John Eliot Gardiner : el Camino de Santiago

John Eliot Gardiner and the Monteverdi Choir did something pretty special in 2004.  They attempted the pilgrimage to Santiago as it might have occurred in the Renaissance period. Gardiner said at the outset: This will be our 40th anniversary year, and I cannot envisage a more fitting way of celebrating this milestone than by undertaking … Continue reading John Eliot Gardiner : el Camino de Santiago

The Rise of Polyphony : Magister Leoninus and Magister Perotinus

I think we tend to take polyphony for granted. We inherited a form of music which has been with us for centuries and, in fact, we have even seen major-minor harmonic polyphony peak in the 18th century and then gradually give way and break down completely.  However, what we take for granted took centuries to … Continue reading The Rise of Polyphony : Magister Leoninus and Magister Perotinus

Born today, Don Carlo Gesualdo is a much maligned polyphonic genius

Carlo Gesualdo da Venosa (8 March 1566 – 8 September 1613) was Prince of Venosa and Count of Conza. As a musician he is best known for writing intensely expressive madrigals and pieces of sacred music that use a chromatic language not heard again until the late 19th century. He is also known for his cruelty … Continue reading Born today, Don Carlo Gesualdo is a much maligned polyphonic genius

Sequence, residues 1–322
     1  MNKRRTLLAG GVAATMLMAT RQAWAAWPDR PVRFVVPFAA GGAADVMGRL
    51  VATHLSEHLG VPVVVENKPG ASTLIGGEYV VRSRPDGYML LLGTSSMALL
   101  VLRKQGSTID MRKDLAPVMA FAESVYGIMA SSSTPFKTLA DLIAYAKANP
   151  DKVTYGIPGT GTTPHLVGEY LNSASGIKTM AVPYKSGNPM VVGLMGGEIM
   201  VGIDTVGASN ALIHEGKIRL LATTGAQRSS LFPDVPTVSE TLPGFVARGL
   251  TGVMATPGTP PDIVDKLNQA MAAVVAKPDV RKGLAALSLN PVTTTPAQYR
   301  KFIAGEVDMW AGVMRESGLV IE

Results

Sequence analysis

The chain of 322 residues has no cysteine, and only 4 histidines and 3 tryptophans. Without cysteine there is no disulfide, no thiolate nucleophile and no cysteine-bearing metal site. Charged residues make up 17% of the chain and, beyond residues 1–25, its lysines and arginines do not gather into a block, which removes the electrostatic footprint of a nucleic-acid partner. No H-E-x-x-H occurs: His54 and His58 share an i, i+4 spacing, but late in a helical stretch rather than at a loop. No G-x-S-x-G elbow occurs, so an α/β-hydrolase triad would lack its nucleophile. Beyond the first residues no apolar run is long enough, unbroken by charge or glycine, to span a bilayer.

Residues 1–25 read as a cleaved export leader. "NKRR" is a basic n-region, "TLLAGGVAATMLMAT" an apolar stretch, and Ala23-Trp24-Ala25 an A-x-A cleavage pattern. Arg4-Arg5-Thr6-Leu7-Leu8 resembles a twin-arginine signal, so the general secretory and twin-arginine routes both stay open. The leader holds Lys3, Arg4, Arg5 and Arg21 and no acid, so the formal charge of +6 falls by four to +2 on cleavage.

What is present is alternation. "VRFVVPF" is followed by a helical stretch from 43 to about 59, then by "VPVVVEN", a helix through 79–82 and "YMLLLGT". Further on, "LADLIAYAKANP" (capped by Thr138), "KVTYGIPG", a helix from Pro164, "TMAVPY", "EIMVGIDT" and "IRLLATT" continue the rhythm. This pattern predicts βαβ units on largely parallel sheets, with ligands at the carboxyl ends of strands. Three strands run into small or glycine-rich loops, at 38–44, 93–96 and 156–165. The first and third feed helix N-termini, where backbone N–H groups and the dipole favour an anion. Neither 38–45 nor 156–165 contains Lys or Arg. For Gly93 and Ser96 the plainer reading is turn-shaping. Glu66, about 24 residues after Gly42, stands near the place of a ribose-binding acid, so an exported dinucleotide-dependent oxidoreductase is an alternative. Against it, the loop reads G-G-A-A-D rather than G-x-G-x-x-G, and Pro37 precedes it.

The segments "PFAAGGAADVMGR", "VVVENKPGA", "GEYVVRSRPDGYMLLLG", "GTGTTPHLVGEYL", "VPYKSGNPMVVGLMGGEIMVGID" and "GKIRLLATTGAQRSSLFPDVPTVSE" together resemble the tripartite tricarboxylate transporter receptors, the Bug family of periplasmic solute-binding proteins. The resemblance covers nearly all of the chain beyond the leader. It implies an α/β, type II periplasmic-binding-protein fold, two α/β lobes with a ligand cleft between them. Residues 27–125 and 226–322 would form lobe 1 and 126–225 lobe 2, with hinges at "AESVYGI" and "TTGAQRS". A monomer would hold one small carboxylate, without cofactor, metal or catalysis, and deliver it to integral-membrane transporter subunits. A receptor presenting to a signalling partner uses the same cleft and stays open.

Composer Profile: Sophie Lacaze

Website | Mezzo Compo Feature Unsubdued but attentive to musical trends and schools, French composer Sophie Lacaze has developed an original aesthetics that takes into account the current research on sound while looking to restore music its primary functions, i.e. ritual, incantation, dance, and its links with nature. Sophie Lacaze studied music at the Conservatoire National de … Continue reading Composer Profile: Sophie Lacaze